>>to provide redundancy or load sharing.  It is simply meant to provide
>>separate services to two different groups of clients.

>>My question is the following...  Is there any way to force outgoing
>>traffic back down the same route that it entered?  I've discovered
>>that two default routes can be defined on the firewall but they are
>>used in a round robin fashion and my requirement is very strict that
>>outbound traffic must take the same path it entered.  I did try rules
>>on the firewall to block misdirected outbound traffic hoping the other
>>route would pick up but that didn't work as I expected.

>>Am I missing a way to achieve this or should I toss a few more $k at
>>this and deploy a second firewall?

>Scott, I would think that you really should be doing something with
>BGP external to your firewall.  Get a Cisco and a BGP AS from your
>providers and let your gateway router do the load balancing and
>dynamic routing.  Put your firewall with one interface set to default
>route to your BGP router.

I don't see how BGP would solve this problem.

What he needs is routing based on source addresses.  I don't think this can
be done with Firewall-1, but it can be done with a Cisco router.  If you
connect both Internet connections to the same Cisco router, you can use
Cisco's "policy routing" feature to select the ISP interface based on the
source address.

--

Genuity, Burlington, MA
*** DON'T SEND TECHNICAL QUESTIONS DIRECTLY TO ME, post them to newsgroups.
Please DON'T copy followups to me -- I'll assume it wasn't posted to the group.

 
 
 

Checkpoint FW-1, Solaris Routing, and Two ISPs

Post by Marc » Wed, 20 Jun 2001 09:36:06


As FW-1 passes the packet on to the OS for the actual routing of the packet,
this is quite hard to do...

So what you really need is policy based routing as per Cisco IOS.
I saw a post somewhere which suggested that the Gated routing daemon can
do this, dunno if it's true!

Another possiblity might be to NAT the source addresses in your routers as
the packets come in, then you will have 2 known and distinct address ranges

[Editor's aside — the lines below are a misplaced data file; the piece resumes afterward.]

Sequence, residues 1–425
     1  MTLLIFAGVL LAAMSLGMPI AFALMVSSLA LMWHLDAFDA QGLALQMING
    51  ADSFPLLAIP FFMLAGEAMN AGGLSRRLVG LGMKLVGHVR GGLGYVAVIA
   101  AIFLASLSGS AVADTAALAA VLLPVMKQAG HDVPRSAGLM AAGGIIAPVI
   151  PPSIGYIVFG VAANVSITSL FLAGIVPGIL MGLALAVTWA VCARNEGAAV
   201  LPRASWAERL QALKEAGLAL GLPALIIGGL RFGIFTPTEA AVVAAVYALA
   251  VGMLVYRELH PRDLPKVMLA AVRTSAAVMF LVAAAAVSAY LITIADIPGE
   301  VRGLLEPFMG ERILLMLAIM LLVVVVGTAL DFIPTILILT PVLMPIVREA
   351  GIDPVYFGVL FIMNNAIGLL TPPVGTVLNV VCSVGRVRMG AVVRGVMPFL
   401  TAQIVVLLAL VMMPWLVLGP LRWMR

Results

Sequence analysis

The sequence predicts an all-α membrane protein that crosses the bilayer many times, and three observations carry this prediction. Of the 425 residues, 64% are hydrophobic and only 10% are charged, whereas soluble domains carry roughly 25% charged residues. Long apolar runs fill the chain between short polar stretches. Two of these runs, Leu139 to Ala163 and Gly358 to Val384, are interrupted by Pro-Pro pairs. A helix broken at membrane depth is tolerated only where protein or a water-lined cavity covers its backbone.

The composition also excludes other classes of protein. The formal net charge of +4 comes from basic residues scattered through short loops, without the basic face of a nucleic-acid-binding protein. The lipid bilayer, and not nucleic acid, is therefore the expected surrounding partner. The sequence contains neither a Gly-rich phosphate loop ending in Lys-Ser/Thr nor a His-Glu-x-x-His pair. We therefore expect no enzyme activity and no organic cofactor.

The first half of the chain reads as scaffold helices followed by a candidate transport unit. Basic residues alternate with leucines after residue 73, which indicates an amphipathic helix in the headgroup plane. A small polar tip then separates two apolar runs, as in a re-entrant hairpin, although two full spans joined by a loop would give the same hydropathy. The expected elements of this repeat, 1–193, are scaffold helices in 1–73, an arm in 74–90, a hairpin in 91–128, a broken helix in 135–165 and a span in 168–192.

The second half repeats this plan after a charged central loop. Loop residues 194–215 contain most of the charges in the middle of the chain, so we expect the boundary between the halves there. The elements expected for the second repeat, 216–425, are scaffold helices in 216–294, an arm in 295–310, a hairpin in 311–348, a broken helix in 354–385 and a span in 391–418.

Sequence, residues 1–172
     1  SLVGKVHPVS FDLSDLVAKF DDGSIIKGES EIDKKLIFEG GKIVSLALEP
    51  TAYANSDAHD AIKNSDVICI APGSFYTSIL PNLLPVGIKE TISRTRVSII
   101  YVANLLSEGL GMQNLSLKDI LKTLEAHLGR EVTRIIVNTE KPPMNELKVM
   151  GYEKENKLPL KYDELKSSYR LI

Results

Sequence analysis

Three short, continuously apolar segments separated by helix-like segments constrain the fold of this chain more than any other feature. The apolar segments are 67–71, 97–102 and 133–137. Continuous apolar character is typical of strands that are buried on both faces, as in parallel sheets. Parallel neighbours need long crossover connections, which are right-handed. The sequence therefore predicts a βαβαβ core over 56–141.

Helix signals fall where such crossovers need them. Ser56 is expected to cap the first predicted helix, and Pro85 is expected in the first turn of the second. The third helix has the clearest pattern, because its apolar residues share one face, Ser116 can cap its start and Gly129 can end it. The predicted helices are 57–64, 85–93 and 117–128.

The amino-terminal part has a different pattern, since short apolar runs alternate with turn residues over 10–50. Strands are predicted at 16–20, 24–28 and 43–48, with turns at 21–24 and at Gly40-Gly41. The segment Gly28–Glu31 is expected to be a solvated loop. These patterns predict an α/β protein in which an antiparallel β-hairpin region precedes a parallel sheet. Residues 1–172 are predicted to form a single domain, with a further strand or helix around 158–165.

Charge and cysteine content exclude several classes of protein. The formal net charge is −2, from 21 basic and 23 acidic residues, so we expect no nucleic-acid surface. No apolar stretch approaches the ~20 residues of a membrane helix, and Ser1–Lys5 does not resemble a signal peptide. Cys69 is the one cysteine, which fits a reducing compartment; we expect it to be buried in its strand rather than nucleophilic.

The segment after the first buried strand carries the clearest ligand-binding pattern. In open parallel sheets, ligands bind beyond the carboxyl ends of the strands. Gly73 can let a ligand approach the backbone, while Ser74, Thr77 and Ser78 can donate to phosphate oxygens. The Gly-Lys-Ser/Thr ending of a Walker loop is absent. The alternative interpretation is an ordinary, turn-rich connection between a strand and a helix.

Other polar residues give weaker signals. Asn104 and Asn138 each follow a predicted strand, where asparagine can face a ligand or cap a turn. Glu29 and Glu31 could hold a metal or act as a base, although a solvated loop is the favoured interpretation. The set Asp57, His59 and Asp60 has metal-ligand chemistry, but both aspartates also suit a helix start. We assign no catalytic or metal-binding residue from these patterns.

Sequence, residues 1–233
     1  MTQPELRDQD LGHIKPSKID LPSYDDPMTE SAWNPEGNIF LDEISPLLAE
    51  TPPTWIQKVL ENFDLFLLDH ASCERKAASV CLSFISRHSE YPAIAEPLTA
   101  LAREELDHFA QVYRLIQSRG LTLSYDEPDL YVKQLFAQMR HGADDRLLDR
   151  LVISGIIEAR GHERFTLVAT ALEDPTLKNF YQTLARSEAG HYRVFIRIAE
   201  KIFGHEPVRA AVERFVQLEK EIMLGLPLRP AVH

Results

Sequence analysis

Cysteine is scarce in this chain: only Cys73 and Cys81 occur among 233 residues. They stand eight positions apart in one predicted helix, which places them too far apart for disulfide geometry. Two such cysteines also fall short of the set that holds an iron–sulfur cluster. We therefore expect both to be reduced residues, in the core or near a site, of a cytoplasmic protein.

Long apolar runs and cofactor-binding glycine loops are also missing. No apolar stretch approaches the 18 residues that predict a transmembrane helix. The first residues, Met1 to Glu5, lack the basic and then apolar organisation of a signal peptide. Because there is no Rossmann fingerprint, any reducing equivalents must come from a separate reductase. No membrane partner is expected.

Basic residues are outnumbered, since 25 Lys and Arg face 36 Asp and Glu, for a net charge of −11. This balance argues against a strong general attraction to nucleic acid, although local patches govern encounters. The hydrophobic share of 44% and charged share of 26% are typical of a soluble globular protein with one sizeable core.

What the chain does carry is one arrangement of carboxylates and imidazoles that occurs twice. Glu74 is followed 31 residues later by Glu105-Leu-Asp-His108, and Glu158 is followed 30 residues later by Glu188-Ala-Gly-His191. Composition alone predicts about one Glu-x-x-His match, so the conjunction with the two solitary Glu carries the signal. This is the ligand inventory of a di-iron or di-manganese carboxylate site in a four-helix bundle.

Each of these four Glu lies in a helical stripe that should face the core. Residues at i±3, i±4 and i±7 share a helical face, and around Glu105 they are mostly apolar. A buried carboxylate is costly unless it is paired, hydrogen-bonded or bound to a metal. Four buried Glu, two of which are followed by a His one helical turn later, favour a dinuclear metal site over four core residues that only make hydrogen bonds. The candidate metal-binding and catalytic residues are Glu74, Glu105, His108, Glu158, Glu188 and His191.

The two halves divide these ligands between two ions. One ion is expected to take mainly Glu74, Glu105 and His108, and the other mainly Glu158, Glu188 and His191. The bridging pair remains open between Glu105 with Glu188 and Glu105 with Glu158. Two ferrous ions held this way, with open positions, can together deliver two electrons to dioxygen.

coming in from each ISP. And you can use the standard routing table in
solaris
to reply out the required interface.

Marc


> Hello,

> I have FW-1 running on Solaris 7 with two Internet connections and two
> DMZs.  Each DMZ contains various Web, mail, etc. servers.  At the
> present time, I'm using 4 interfaces on a single firewall to route
> between the 4 networks.  All routing is static and I'm unable to
> undertake something more complex.  The configuration is not intended
> to provide redundancy or load sharing.  It is simply meant to provide
> separate services to two different groups of clients.

> My question is the following...  Is there any way to force outgoing
> traffic back down the same route that it entered?  I've discovered
> that two default routes can be defined on the firewall but they are
> used in a round robin fashion and my requirement is very strict that
> outbound traffic must take the same path it entered.  I did try rules
> on the firewall to block misdirected outbound traffic hoping the other
> route would pick up but that didn't work as I expected.

> Am I missing a way to achieve this or should I toss a few more $k at
> this and deploy a second firewall?

> Thanks!

> Thanks!


 
 
 

Checkpoint FW-1, Solaris Routing, and Two ISPs

Post by Scott Dep » Wed, 20 Jun 2001 20:52:01


I'd love to learn about and configure BGP but neither of my ISPs do
anything with it and my guess it that buying a second firewall would
be far cheaper than getting into this.

Again, I have an absolute requirement that packets must leave on the
same wire they came in on.  Primarily because one of my ISPs has
spoofing detection in place and packets that are "not supposed to be"
on the wire are dropped.

I'm at the point of configuring policy/source routing on one of my two
Cisco routers.  I only have control over one of them.  Actually, I was
first trying to configure this routing using an Extreme switch but
that isn't working out.






>>>Hello,

>>>I have FW-1 running on Solaris 7 with two Internet connections and two
>>>DMZs.  Each DMZ contains various Web, mail, etc. servers.  At the
>>>present time, I'm using 4 interfaces on a single firewall to route
>>>between the 4 networks.  All routing is static and I'm unable to
>>>undertake something more complex.  The configuration is not intended
>>>to provide redundancy or load sharing.  It is simply meant to provide
>>>separate services to two different groups of clients.

>>>My question is the following...  Is there any way to force outgoing